It all started with a message from mom's vacuum, showing off after her tune up
|Ain't she purdy?|
Mom has a hate-hate relationship with her vacuum to begin with, and with recent reports that she hadn't been sucking, the tending to was well deserved. We chatted about it online, natch, and all I could think about was the plot from Once, which I deeply and desperately love:
- Act IA thirty-something Dublin busker
(identified only as "Guy") sings a heartfelt ballad of unrequited love in a local bar, accompanying himself on guitar ("Leave"). He then puts his guitar in its case and turns to leave without it; but a young Czech woman (identified only as "Girl"), who has been listening to him sing, approaches. She asks numerous personal questions about his songs; he replies that he wrote most of them for a girlfriend who broke up with him and moved to New York City. He is giving up on his music because the memories of his defunct relationship are too painful; he now works as a vacuum cleaner repairman in his father's shop. Girl responds that she has a vacuum that "does not suck", and asks him to fix it. She offers to pay for the repair by playing piano for him. Over his protests, she snatches the sheet music for a new song from his jacket. Reluctantly, Guy picks up his guitar and they play the song together ("Falling Slowly"). Girl suggests that he could win his old girlfriend back by singing her that song. Guy brushes this off; but Girl reminds him that he now owes her a vacuum repair, so they head to his father's shop ("The North Strand").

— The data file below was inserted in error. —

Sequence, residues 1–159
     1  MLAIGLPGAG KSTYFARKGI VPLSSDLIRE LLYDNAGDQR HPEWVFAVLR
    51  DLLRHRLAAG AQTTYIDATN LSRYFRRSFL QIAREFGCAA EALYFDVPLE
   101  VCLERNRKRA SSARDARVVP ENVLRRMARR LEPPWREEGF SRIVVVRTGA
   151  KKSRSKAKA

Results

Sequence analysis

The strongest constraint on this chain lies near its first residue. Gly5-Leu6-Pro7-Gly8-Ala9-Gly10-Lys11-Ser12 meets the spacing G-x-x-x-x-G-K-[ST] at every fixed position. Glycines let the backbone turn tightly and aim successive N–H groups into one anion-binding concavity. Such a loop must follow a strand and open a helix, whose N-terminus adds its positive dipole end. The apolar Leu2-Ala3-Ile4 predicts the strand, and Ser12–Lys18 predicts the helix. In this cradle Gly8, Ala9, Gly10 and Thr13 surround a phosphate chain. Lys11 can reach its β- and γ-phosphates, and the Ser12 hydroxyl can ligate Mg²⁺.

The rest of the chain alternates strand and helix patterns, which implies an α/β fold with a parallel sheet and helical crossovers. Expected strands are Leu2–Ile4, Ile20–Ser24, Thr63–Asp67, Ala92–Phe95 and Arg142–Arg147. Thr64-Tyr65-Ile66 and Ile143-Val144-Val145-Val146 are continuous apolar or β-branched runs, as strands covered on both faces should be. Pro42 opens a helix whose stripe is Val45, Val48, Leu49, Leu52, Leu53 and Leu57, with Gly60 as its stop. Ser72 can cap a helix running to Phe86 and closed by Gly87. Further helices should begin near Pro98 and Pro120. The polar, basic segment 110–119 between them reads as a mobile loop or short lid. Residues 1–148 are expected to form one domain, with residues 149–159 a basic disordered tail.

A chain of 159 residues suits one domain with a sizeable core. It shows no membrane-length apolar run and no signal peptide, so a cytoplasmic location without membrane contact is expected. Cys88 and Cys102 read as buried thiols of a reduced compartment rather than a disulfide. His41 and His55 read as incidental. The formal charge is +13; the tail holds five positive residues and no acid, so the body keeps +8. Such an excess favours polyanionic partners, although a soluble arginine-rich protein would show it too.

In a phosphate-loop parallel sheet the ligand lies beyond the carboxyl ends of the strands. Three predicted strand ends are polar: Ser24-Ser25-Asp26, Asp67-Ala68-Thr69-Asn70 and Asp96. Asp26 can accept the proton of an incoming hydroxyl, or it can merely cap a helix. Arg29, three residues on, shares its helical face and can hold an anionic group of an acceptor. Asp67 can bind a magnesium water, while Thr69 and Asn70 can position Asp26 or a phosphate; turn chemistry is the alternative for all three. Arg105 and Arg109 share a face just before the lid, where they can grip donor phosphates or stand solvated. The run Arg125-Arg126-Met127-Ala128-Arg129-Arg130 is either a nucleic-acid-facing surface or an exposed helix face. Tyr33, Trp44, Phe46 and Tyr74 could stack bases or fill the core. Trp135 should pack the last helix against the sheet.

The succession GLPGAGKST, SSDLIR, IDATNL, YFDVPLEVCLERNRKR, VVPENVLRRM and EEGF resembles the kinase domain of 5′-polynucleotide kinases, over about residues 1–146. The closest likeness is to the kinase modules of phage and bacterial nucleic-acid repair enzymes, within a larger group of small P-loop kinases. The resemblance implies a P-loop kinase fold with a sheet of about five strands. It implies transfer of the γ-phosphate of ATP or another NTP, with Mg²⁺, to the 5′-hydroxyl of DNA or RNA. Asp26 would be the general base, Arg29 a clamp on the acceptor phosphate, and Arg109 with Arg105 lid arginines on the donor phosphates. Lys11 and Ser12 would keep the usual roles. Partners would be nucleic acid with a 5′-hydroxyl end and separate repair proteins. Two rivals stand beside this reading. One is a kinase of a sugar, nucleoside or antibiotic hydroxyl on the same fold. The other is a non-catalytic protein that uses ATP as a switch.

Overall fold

Seeing Once was one of the top faves for my theater buddy Clara and me. We've recently been on a regional theater kick with Billy Elliot one week
And Little Shop the next
And I don't even know if I told you about Ave Q this summer. We love the smaller venues and more intimate setting of these little local theaters, and the talent feels more palpable when it's right there in your neighborhood. But I will never forget that night up on stage with the cast from Once: